Lets you adjust the focus. Some camcorders come with focus settings, which let you choose from discrete, predetermined values. Others come with a focus ring, which gives you much greater control and a smooth, hands-on feel that's similar to using a 35mm camera.
Memory card slot
Many camcorders record photos and/or videos onto tiny, removable, reusable memory cards. They're light, compact, and offer much higher recording times than previous blank media types.
3" DVDs that are commonly used in DVD camcorders. They come in a variety of types, including "write-once" formats, like DVD-R and DVD+R, and rewritable formats like DVD-RW and DVD+RW. For longer recording times, choose either double-sided mini DVDs or dual-layered DVDs.
MPEG/M-JPEG movie mode
See video format.
See video format.
Optical image stabilization
See image stabilization.
Short for "picture element." A camcorder's image sensor consists of a great many pixels, each one building up a tiny charge of electricity in response to the light it "sees." The more pixels an image sensor has, the higher its ability to resolve detail, which may improve the resulting picture.
Keep in mind that the image sensor's actual pixel count is often greater than the effective pixel count — the number of pixels used to capture the image.
Camcorders have different recording modes which capture video at different standard-definition and high-definition resolutions and numbers of frames per second. A higher resolution at more frames per second may result in higher-quality footage, but will take up more space on your tape, disc, hard drive, or flash memory. Camcorders that can also take digital photos almost always offer separate video and photo modes with various levels of quality in each. Some camcorders also offer a "simultaneous" mode that lets you take digital photos while you record video.
SD™ and SDHC™ memory cards are currently the most popular type of removable memory.
Most camcorders take some form of removable memory, usually memory cards. See our blank media glossary to learn about some of the different types of removable memory that's available.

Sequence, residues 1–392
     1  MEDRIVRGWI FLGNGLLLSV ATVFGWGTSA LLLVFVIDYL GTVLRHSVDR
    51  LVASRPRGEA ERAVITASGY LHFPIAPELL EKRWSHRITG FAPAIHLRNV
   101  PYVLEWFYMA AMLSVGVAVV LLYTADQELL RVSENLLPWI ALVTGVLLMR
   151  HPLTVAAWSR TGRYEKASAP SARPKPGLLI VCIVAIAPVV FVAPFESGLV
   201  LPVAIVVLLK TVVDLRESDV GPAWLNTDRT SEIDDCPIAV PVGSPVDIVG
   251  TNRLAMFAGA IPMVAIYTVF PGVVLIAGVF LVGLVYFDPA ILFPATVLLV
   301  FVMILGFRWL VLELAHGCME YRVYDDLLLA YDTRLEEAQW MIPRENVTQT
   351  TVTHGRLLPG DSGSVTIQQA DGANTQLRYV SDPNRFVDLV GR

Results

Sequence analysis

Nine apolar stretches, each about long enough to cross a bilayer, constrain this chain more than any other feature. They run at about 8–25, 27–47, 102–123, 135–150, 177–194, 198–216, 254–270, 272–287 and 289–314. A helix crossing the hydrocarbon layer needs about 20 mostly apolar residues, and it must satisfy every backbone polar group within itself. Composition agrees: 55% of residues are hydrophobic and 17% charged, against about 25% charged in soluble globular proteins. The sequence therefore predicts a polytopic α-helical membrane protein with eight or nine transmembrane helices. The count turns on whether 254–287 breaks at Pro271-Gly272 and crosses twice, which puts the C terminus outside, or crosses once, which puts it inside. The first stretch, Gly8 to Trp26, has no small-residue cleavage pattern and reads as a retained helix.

There are two kinds of resolution when it comes to video: Spatial resolution, where the pixel amount and ratio is important and adds detail as pixels increase, and temporal resolution, where increased frame rates can make for a better visual experience with fast moving items.
Spatial resolution can be defined as the number of pixels used to capture an image. The higher the resolution, the sharper the video or photos; for example, a resolution of 640 x 480 gives you more detail than 320 x 240. The first number specifies the horizontal pixel count, while the second is the vertical pixel count.
Temporal resolution can also be referred to as frame rate, and also to the manner in which frames are displayed. A faster frame rate means more action can be crisply captured, and can also be played back at slower rates for dynamic slow motion. Frames can be processed as "progressive frames", where the frame is scanned line-by-line from top to bottom by the camera's sensor, or as "interlaced frames", where a frame is split into two succesive fields: All the odd numbered lines will be in field 1, and all the even-numbered lines will be in field 2. These two fields make a frame. Most commercial broadcasting in North America is interlaced, regardless of whether the original source was progressive.
So, a stat like 1080/60i would mean "1080 horizontal lines, 60 interlaced fields per second."
The speed at which a digital camera's shutter exposes the image sensor to light. A shutter speed of 1/60 means that the sensor is exposed to light for 1/60th of a second. Faster shutter speeds are good for "freezing" fast-moving action; slow ones allow you to intentionally blur the movement of your subject to emphasize motion, such as water traveling over a set of falls (these types of shots may require a tripod, since the human hand cannot hold a camera steady for very long). Simple camcorders may have very little shutter speed adjustment; more sophisticated cams often have between 9 and 15 shutter speeds.